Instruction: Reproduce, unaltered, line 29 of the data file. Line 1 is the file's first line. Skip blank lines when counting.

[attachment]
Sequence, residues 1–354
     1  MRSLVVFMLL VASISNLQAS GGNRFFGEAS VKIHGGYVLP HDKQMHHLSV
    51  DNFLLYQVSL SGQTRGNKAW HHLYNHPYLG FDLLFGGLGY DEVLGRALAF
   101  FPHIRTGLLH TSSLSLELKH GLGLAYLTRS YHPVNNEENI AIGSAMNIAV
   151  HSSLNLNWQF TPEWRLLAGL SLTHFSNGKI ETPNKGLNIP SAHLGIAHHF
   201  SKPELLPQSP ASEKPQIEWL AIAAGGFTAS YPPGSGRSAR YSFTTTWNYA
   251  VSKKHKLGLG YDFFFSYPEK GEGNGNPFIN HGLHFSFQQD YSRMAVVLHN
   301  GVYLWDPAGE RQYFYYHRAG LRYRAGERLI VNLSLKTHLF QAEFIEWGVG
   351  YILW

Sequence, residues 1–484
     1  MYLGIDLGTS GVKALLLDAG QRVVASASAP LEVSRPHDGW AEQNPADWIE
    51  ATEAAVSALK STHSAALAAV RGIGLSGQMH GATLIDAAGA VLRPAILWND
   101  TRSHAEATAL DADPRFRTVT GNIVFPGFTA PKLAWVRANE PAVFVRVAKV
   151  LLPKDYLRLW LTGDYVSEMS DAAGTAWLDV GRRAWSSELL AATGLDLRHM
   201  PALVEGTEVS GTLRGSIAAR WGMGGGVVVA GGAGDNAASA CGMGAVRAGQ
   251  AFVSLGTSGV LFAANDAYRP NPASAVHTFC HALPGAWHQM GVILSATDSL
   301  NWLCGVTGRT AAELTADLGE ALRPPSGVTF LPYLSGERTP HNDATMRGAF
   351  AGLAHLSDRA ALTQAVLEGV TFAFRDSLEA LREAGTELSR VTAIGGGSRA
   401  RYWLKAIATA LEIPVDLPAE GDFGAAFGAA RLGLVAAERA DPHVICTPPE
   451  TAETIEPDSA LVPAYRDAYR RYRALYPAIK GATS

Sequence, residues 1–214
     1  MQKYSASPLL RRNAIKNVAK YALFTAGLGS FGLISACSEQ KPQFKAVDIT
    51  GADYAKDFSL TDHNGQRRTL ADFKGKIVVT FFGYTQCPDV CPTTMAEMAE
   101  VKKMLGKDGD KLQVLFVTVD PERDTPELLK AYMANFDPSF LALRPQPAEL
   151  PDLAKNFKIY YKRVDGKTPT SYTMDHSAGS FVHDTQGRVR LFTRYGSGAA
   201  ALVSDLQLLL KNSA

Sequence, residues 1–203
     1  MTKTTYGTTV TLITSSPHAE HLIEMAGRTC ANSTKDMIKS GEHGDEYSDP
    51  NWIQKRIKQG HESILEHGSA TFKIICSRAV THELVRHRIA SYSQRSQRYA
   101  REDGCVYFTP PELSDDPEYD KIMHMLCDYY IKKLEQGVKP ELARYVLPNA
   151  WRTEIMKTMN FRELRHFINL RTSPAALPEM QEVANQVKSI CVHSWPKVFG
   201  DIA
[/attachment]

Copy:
    51  NWIQKRIKQG HESILEHGSA TFKIICSRAV THELVRHRIA SYSQRSQRYA